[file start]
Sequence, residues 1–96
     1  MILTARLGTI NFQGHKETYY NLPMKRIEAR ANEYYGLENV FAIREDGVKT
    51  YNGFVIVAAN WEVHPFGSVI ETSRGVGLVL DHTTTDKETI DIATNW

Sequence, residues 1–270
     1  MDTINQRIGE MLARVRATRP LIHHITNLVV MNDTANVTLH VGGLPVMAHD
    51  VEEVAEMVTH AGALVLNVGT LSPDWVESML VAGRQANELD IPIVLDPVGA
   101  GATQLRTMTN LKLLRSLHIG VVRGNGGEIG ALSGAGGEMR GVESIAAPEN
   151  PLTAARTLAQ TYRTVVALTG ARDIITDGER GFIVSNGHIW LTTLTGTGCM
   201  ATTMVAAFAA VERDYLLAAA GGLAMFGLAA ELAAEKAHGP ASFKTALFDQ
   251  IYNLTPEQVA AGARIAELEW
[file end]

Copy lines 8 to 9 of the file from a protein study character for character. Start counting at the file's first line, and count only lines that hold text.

   151  PLTAARTLAQ TYRTVVALTG ARDIITDGER GFIVSNGHIW LTTLTGTGCM
   201  ATTMVAAFAA VERDYLLAAA GGLAMFGLAA ELAAEKAHGP ASFKTALFDQ